“Some scares are rather genuine…”
I overlooked the original Insidious for a couple weeks before hearing unusual high-praise from friends and critics alike. It was a PG-13 horror film, which turned me off initially, but upon seeing it, I realized it was surprisingly effective in delivering suspense and, at the time, slight unconventionality with the paranormality of its premise. Now, I feel as if I’ve seen it all with the paranormal genre being abused, rehashed, and ridiculously overwrought.
Insidious: Chapter 2 isn’t a film that shows me I haven’t seen it all, but a film that shows me I’ve seen most of the tricks of the genre. It’s an acceptable film, but not a very memorable one. Rehashed sequel vibes reign quite frequently, and money seems to be in the mind of everyone involved. However, it’s apparent that quality was at least higher on the to-do-list for director James Wan than one would expect from a PG-13 horror film that was a runaway-success. Wan has stated that since he had little creative control after he made the first Saw film, he wanted the sequel to Insidious to be his own personal work, rather than redundant sequels clearly made to churn a profit.
In Insidious: Chapter 2, we are reconnected with the Lambert family, made up of father Josh (Patrick Wilson), mother Renai (Rose Byrne), and their young son Dalton (Ty Simpkins), who simply can’t shake being haunted by the paranormal. The Lambert family moves into their grandparents’ home to try and escape these entities, but when the paranormal follows them into that house, they realize that because the entity is in one of them, no matter where they go they won’t be able to escape it.
The original Insidious benefited greatly from atmosphere and very slick pacing. Its second act was a bit more contradictory in the regard it was more bombastic, but still very watchable. The entire product was eerie and memorable. Insidious: Chapter 2 doesn’t have a point in its timeline where it devotes its story to being subtle and restrained. The whole film capitalizes off of jump-scares and several scenes of paranormal activity, very rarely going back to what made its predecessor worth remembering.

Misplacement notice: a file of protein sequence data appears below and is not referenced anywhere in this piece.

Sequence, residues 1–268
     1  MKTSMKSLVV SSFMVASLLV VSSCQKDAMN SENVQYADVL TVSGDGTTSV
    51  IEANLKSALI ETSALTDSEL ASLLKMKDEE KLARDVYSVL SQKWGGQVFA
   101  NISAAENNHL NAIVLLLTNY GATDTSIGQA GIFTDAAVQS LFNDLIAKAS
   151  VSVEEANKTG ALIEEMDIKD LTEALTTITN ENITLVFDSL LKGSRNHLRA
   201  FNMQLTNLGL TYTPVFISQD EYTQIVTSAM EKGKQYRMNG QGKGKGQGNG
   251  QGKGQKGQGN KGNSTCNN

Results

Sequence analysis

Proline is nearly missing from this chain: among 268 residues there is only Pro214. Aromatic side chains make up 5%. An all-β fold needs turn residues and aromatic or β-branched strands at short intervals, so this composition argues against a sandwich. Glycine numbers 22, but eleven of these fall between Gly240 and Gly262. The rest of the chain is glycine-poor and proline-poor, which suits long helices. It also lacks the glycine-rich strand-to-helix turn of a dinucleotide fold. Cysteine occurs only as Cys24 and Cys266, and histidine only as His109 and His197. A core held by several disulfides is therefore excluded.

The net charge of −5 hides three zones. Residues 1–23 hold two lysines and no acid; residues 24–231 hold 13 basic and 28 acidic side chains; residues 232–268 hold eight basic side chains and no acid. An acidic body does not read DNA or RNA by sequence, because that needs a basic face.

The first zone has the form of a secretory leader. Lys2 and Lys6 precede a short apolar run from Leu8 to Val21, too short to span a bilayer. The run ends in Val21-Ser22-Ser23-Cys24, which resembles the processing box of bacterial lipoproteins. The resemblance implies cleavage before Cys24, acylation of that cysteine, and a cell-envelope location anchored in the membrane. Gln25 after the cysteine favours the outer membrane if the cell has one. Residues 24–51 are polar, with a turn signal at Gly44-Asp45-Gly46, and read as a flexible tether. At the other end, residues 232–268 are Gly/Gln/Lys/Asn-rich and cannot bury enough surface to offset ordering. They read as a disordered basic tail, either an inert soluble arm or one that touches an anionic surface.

James Wan just hit a colossal home-run for himself and for the studio by releasing The Conjuring, a truly exciting and very worthy entry in the horror genre. The film relied, from beginning to end, on structured pacing and very reserved action, making it thoroughly exciting and easy to immerse yourself in. Insidious: Chapter 2, especially in its last forty-five minutes, is an anarchic example of horror filmmaking. It becomes so bombastic, so jumbled, and so scatter-plotted, I could’ve sworn we were diving into chapter three a little bit. Writer Leigh Whannell, who penned several films in the Saw franchise, is likely used to having a lot of catastrophic things happen at once, such as grisly murders and serial mind games. That’s fine, but it becomes very exhaustive and messy when you try and translate that style into the paranormal genre.
However, I would be lying if I said I didn’t get some joy out of Insidious: Chapter 2. Some scares are rather genuine, and the events that occurred were at least fun to experience rather than feeling like a boring retread of horror movies past. As mentioned, even if the original film can no longer stand as a singular effort, Wan didn’t completely sacrifice content for money in this installment. If nothing else, Insidious: Chapter 2 gives me hope that if we are unfortunate enough to see a sequel to July’s The Conjuring, we’ll get a pretty tolerable one if Wan holds the camera.
Review by Steve Pulaski, Lead Film Critic
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